Conservatives Reject ‘Tweaked’ Overture to Episcopal Oversight

NAVASOTA, Texas -- After three days of closed-door deliberations, the bishops of the Episcopal Church USA agreed to a compromised plan toward reconciliation, Tuesday, March 23, 2004, in Navasota, Texas.

The much needed conference, however, did not resolve the essential dispute between the conservative congregations that disagree with the consecration of the openly gay man Gene Robinson as bishop of New Hampshire, and the liberal bishops who support it.

According to the Reverend Kendall Harmon, one of the leaders of the groups of conservative Episcopalians, some of the Episcopal bishops who formed a conservative network against left the meeting discouragement before the plan was approved.

The ‘new’ plan, dubbed, “Delegated Episcopal Pastoral Oversight,” is a slightly upgraded version of the original compromise made in the effort to maintain the unity of the denomination.

The resolution calls on parishes that disagree with Robinson's consecration to meet together with thier local bishops and work on a ‘deal’ to let visiting bishops oversee the parish. If a deal cannot be made, the parishes can appeal to the president or vice president of the region of the province.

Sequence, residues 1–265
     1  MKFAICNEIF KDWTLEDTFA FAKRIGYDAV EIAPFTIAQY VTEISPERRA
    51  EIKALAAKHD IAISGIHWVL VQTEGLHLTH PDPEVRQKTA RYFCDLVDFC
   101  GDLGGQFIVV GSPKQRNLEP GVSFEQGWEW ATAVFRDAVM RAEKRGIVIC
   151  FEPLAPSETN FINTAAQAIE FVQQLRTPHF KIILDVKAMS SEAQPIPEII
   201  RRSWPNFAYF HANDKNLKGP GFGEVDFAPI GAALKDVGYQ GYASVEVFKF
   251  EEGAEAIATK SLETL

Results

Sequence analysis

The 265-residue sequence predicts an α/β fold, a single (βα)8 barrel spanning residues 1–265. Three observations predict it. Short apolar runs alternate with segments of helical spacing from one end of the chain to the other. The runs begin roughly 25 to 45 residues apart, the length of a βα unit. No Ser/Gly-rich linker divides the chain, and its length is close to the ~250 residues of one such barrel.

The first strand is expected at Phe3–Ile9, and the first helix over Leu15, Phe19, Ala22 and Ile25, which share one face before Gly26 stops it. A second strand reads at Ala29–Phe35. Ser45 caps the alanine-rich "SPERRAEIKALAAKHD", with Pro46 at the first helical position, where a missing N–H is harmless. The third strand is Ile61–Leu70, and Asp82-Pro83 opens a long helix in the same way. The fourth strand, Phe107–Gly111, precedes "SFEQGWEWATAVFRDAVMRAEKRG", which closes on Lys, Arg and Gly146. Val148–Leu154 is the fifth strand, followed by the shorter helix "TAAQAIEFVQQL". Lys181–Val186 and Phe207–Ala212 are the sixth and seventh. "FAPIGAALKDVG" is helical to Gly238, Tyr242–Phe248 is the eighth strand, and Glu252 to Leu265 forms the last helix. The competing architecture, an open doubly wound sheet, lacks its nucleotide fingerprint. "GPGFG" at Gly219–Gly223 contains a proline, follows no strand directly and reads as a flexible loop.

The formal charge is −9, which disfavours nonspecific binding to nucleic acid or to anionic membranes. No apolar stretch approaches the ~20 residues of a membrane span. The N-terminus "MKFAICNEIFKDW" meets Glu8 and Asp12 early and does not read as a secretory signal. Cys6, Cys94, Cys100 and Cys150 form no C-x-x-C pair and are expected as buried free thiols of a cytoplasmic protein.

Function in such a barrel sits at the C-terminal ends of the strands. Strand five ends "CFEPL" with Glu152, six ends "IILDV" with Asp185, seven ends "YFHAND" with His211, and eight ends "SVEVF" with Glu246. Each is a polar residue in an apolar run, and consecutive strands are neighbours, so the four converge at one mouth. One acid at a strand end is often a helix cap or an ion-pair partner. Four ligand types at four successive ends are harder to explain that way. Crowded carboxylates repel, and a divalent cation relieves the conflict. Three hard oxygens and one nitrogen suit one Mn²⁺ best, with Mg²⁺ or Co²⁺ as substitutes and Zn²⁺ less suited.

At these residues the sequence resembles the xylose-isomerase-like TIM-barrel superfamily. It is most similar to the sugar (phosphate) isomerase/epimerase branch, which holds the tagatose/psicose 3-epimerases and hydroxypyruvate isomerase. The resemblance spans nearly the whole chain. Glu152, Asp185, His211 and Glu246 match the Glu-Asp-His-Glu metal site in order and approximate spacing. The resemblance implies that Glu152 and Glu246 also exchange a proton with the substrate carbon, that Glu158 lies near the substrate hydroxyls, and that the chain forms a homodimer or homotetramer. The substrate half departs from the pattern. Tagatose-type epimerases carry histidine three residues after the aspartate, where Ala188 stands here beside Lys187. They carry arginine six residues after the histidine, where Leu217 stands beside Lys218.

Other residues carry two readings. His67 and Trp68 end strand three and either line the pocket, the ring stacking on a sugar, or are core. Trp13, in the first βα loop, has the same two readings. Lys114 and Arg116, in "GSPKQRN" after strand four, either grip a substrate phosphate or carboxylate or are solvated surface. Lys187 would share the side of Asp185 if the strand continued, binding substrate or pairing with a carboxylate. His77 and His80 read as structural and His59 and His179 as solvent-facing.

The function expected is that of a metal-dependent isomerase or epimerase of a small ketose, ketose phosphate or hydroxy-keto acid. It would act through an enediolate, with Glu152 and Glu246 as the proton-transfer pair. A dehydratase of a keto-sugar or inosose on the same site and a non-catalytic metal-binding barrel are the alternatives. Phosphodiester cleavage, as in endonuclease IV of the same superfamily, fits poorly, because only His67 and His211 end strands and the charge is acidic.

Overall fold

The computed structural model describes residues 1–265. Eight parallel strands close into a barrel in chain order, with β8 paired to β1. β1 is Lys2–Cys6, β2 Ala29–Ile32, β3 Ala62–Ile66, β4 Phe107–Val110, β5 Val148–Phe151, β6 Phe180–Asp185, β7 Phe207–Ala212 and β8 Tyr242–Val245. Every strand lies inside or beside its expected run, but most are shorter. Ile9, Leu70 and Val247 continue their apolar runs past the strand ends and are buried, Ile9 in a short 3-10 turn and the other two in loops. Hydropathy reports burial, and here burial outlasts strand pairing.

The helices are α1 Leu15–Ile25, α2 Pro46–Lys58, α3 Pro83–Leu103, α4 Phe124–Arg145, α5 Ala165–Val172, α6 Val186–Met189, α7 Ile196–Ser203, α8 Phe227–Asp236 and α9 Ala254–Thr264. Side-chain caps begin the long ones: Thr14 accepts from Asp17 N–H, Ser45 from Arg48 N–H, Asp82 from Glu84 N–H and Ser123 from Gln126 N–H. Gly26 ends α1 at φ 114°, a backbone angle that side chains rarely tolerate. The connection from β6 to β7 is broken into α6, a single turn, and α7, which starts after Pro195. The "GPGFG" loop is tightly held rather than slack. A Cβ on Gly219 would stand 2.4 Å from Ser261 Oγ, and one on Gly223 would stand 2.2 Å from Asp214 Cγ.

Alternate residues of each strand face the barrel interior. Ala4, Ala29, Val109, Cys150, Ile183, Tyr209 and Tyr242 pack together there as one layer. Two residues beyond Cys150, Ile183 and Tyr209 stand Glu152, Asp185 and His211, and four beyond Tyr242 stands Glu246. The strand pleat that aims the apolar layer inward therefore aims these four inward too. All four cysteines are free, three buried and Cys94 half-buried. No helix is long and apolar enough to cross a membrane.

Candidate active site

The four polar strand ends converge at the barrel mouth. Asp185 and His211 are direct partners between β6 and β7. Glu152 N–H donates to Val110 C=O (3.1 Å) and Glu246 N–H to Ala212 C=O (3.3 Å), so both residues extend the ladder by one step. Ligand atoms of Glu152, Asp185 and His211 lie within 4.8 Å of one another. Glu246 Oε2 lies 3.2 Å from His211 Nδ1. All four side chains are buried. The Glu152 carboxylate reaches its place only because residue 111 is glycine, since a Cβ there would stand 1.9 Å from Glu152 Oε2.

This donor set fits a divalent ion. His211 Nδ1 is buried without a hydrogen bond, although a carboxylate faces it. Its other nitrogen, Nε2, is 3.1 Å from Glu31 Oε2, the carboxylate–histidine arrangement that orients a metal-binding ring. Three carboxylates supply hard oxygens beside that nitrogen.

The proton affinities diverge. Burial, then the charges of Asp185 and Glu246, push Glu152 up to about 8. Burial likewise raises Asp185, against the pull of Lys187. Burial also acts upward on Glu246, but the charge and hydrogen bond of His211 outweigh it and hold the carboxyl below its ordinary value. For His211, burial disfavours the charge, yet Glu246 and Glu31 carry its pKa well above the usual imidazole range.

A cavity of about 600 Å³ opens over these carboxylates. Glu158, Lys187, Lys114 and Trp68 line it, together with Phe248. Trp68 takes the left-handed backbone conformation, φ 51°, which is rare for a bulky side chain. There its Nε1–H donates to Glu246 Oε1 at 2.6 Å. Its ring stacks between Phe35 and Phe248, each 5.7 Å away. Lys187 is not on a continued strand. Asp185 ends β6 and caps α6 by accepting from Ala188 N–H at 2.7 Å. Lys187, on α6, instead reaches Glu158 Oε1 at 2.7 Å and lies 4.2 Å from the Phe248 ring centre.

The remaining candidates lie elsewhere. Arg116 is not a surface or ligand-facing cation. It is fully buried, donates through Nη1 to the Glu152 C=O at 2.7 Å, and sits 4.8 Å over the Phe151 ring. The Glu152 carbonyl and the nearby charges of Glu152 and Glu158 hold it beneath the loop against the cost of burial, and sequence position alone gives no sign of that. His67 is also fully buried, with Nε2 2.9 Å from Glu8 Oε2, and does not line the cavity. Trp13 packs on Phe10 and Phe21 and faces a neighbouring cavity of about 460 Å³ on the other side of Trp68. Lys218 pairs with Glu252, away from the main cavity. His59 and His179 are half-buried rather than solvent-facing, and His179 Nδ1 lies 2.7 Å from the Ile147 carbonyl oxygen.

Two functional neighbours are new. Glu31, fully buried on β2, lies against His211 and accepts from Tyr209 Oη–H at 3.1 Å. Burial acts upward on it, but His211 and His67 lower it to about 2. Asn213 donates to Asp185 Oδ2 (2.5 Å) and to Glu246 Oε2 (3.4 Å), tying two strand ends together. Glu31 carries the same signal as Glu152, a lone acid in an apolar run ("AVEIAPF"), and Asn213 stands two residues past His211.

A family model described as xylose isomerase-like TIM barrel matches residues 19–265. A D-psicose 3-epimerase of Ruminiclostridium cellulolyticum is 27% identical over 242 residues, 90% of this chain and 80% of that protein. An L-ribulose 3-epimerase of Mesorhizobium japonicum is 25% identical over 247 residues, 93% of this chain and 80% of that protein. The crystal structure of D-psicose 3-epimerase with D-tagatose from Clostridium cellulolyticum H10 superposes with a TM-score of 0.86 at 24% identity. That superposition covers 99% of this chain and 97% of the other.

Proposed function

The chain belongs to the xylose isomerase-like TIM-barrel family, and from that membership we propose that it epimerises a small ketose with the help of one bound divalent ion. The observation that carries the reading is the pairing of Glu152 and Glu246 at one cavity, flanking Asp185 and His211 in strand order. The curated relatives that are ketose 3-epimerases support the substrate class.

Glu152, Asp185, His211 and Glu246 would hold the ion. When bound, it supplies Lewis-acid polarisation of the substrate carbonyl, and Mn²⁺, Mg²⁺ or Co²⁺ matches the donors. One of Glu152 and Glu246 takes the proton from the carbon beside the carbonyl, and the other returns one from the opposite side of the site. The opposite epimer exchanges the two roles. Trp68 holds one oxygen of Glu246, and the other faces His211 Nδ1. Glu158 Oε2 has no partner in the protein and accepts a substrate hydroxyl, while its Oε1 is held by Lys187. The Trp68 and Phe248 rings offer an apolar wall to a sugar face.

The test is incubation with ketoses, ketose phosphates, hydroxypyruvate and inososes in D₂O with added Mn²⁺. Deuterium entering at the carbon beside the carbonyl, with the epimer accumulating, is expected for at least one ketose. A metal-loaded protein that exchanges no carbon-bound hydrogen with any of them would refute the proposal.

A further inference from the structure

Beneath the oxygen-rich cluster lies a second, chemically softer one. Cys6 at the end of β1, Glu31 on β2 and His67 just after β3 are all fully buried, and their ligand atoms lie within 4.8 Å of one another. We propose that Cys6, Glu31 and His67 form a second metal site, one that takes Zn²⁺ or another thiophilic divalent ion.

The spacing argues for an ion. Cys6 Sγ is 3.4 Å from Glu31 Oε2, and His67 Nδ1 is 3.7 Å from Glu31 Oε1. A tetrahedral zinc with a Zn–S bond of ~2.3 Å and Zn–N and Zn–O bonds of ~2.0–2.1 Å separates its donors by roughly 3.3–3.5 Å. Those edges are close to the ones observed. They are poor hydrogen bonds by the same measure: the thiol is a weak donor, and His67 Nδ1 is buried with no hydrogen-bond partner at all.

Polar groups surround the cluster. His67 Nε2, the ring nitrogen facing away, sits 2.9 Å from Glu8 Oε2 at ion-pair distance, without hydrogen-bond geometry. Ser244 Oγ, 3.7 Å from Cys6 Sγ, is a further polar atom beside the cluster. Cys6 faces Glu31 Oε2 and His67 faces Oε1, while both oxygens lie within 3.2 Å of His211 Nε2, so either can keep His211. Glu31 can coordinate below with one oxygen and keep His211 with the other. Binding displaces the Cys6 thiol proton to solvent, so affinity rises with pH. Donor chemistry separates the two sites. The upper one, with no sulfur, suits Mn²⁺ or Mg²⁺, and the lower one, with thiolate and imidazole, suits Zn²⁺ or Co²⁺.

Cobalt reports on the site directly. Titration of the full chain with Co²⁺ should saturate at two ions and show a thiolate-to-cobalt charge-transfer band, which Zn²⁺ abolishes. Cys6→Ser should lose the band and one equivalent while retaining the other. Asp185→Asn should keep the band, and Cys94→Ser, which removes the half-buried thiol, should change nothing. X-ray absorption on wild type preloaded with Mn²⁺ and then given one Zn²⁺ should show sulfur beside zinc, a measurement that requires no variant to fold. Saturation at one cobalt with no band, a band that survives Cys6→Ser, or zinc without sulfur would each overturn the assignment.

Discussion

There were no essential changes to the original resolution penned at an emergency summit in October by some of the leaders of the international Anglican Communion in which the ECUSA takes part. The original resolution, which conservatives rejected, called on the ECUSA to grant “adequate provision for Episcopal oversight” to the dissenting parishes.

Bishop Frank Griswold who heads the ECUSA, said the resolutions show the hierarchy's commitment to reconcile the two sides. "We are coming to a new place of mutual discovery and trust," he said.

However, conservatives clearly saw that neither of the two plans resolved the essential reason behind the dissention: the blatant disregard for the scripture by allowing an open and active homosexual to lead the New Hampshire diocese.

Even before Gene Robinson’s consecration, conservative bishops and parishes urged for unity in keeping to the scriptures. They warned of irrevocable schisms that may occur not only within the ECUSA but also within the 77-million member worldwide Anglican Communion, as a reaction to the immoral consecration.

Since November’s “ceremony” ordaining Robinson, 13 of 38 worldwide Anglican archdiocese severed ties with ECUSA, and voiced their support for the network of conservative Anglicans that formed within the states.

Canon Kendall Harmon, South Carolina's delegate on the conservative network steering committee, said the Navasota plan is "dead on arrival. It doesn't even come close to recognizing the crisis we face."

Harmon said the views of the conservative priests and parishioners "were never sought" before the Texas gathering, in which Robinson took part for the first time as bishop.